“It is a thinly disguised political maneuver by the governor that has been ruled illegal by the state’s attorney general,” Pfingsten said. “I am sure that any effort to enact these types of laws will cost our community dearly in lost money attempting to defend an illegal action.”
Pfingsten argued that the proposal would drive down wages for all workers, including non-union members. He added that workers in “right-to-work” states earn more than $5,000 less per year than those in states without such laws. Pfingsten also noted that eight of the 12 states with the highest unemployment rates have “right-to-work” laws. When the wages are driven down, the economy suffers and jobs are lost, he said.
Ryan C. Anderson, business manager/secretary-treasurer for Painters District Council No. 30, wrote a letter to the county board saying that Rauner’s right-to-work proposal as well as his proposal to repeal the Prevailing Wage Act would be against the state’s constitution.
Anderson said that Illinois Attorney General Lisa Madigan “clearly indicates” in a written opinion that only a state, through the actions of the Legislature, can enact a “right-to-work” law. Madigan further has ruled that counties, municipalities and school districts, as well as other local units of government, must comply with the provisions of the Prevailing Wage Act when seeking bids and awarding contracts for construction or demolition of public works.
Anderson asked the board to consider the costs the county would incur in attempting to defend “an illegal action.”
“Certainly, my organization will defend the constitutional rights of union members and the legality, under federal and state law, of union security agreements,” Anderson wrote.
Michael Smith, business manager of Laborers’ Local 751 and president of the Kankakee Federation of Labor, called the right-to-work proposal “a race to the bottom.”
“It hurts not only union people, but it hurts non-union people, because as our wage threshold comes up it affects all folks, because the non-union tries to keep up so their places don’t become an eyesore,” Smith said.
Steve Magruder, president of the Kankakee Construction and Trades Council, said the right-to-work plan would be “a detrimental blow to this community ... (and) state of Illinois.”
Dale Strough, a Watseka attorney, said the right-to-work zones would further drive down local wages, hurting Iroquois County’s economy.
“Right now we have an unemployment rate of about 6.5 percent. That is a little bit lower than it is in Kankakee (County) or down in Vermilion (County). It’s a little bit higher than it is in Ford or Champaign (counties),” Strough said. “But unemployment (is) not the problem. The problem is the wage levels. ... Seventy to 80 percent (of students in the Iroquois West school district) are in the poverty level, yet the unemployment rate level is (only) 6.5 percent. That’s not welfare. That’s low wages.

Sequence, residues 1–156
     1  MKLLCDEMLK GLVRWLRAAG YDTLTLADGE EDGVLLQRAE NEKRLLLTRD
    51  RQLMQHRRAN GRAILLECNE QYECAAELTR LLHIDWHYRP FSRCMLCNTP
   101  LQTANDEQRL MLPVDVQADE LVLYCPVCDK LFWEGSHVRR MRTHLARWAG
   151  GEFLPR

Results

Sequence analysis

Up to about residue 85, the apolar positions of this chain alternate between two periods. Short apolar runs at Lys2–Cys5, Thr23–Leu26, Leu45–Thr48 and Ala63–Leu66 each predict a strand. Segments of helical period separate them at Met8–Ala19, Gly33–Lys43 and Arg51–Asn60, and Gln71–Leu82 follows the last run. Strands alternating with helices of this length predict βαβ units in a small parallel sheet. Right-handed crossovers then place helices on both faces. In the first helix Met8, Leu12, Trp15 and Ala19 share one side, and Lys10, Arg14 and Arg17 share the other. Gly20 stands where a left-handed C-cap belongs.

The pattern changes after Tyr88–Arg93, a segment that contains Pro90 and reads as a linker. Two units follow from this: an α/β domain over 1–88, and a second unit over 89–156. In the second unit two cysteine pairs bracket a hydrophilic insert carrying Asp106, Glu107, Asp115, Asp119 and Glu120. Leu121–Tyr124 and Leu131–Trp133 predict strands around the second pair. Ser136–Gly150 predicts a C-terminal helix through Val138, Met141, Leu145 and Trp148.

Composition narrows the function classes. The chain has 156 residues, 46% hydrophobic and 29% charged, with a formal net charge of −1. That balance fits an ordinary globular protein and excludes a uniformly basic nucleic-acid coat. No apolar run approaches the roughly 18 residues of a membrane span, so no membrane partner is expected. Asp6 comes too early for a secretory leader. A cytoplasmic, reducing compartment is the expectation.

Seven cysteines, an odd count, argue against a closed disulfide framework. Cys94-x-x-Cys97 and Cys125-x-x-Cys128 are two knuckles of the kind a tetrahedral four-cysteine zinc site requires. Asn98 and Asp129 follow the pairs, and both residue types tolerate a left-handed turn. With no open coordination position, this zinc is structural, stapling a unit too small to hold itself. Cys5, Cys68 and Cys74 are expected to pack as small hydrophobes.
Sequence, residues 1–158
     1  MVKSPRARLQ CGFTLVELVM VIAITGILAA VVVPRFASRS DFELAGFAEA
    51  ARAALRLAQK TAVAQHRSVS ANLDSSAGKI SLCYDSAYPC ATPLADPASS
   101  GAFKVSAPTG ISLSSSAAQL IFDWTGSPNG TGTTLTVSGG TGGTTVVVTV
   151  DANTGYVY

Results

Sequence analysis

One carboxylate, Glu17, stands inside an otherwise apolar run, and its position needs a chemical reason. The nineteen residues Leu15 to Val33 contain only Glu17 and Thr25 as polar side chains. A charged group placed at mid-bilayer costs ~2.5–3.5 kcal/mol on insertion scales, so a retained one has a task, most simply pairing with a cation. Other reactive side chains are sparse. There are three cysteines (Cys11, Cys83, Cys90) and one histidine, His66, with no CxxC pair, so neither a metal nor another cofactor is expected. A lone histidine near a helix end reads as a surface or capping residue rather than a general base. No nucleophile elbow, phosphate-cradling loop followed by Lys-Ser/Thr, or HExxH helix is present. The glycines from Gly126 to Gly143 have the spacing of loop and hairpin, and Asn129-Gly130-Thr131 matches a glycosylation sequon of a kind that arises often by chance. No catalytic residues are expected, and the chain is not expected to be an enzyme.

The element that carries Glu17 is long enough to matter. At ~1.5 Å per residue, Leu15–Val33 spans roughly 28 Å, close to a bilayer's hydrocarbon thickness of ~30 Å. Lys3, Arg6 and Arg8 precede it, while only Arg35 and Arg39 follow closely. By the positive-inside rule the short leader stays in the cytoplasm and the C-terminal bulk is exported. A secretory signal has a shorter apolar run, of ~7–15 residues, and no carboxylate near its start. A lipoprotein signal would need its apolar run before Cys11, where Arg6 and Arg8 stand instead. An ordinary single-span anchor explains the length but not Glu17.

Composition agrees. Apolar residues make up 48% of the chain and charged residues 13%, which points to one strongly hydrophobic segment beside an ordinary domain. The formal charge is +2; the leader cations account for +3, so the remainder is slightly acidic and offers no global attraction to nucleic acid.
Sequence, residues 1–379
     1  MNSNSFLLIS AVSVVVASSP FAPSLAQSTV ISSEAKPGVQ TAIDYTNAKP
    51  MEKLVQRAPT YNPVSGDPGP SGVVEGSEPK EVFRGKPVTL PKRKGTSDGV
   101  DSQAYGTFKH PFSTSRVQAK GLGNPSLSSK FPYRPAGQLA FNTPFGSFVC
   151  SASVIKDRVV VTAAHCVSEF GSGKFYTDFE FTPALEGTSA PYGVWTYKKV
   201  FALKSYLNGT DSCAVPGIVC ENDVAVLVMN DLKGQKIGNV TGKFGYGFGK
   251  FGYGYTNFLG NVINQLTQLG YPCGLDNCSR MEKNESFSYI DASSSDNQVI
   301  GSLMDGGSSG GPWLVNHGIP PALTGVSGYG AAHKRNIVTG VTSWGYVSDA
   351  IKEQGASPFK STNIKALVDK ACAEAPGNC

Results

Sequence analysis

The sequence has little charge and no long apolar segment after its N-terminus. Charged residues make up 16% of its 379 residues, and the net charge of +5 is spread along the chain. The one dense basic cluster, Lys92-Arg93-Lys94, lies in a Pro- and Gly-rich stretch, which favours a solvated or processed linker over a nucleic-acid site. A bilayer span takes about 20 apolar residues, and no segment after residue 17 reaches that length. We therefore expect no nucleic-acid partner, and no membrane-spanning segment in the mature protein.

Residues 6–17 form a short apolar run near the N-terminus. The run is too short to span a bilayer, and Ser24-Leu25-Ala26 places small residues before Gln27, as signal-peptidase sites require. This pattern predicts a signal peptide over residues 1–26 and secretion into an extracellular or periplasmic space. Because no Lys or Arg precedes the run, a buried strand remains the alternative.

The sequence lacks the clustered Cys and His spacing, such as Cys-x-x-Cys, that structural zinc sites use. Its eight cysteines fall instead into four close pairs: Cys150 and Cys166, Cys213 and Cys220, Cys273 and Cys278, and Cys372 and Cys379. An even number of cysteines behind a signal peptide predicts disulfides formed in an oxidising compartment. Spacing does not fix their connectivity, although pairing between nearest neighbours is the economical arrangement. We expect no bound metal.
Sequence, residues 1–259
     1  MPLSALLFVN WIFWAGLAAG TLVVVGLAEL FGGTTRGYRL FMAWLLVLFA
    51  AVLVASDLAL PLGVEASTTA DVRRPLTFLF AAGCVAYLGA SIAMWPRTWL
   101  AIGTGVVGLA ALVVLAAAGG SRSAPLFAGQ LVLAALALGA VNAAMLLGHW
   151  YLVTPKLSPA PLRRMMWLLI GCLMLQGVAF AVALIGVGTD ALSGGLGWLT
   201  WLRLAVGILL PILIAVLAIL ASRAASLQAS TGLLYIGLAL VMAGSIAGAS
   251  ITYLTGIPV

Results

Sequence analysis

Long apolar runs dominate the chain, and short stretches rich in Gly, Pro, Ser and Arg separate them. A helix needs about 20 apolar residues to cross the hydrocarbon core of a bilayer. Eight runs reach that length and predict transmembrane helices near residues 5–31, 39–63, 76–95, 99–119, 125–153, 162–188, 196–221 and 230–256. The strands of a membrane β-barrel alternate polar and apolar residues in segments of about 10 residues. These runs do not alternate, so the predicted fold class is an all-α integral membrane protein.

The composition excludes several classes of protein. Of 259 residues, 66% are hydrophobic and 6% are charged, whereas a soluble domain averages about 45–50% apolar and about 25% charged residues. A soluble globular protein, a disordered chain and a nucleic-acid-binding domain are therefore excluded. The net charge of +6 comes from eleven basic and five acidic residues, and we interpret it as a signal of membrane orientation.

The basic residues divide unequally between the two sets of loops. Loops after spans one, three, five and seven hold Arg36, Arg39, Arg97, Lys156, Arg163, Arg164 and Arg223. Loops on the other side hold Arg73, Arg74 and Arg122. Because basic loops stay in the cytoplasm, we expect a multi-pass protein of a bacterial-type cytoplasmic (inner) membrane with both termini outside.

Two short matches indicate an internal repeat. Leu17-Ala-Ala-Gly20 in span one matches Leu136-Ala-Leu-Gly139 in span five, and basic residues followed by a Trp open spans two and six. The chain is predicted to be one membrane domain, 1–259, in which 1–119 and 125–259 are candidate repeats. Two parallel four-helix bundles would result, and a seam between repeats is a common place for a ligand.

“What we need to shoot for is good, middle-class jobs, wherever those might come from. But again, you can’t race to the bottom. It exacerbates the problem. It means more people who can’t maintain their homes amid declining property values; it means less revenue for (the county). Don’t give into it. ... There’s lots of things you can do to generate revenue that maybe you haven’t done. But competing with union sweatshops is not the way to go.”
John Willard, the district director for the American Welding Society, said union wages would suffer if the proposal passes.
“The only way we can entice people to pick welding as a trade is if there’s something other than poverty in it for them,” Willard said. “Driving down those wages to where welders aren’t going to live a decent life and eat steak once a week and take their family on vacation, it’s just wrong that people would want that for someone else. ... It’s not right; it’s not fair; and you shouldn’t do it.”
Donald Price, a retired state employee, expressed concern that if the county adopted a right-to-work zone, many local businesses would suffer.
“One of the reasons you don’t want this is because these union people are your customers — you people who own businesses — and if you want them to continue being your customers they’ve got to have some decent pay,” Price said. “Without unions, we’re going to go back to how things were before 1900. Child labor? Is that what you want?”